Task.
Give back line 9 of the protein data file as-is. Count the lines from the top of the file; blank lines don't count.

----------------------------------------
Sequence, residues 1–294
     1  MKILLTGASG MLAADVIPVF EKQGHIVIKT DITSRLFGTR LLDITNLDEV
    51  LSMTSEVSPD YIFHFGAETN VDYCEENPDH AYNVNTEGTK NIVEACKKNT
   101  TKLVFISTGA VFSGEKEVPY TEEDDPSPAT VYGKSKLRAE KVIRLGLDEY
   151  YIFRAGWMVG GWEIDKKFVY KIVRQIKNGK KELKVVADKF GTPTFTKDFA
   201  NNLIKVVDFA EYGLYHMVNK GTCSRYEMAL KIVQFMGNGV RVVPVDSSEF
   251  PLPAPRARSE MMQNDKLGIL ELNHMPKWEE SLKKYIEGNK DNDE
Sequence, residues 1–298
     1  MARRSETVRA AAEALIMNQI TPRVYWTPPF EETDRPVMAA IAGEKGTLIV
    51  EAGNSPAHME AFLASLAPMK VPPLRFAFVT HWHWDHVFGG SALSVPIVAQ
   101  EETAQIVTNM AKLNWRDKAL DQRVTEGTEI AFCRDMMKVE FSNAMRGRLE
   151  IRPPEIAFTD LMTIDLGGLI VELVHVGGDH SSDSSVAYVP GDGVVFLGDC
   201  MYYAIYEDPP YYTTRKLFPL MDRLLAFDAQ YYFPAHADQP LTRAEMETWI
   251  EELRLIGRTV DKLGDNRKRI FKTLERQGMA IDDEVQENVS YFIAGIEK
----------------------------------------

     1  MARRSETVRA AAEALIMNQI TPRVYWTPPF EETDRPVMAA IAGEKGTLIV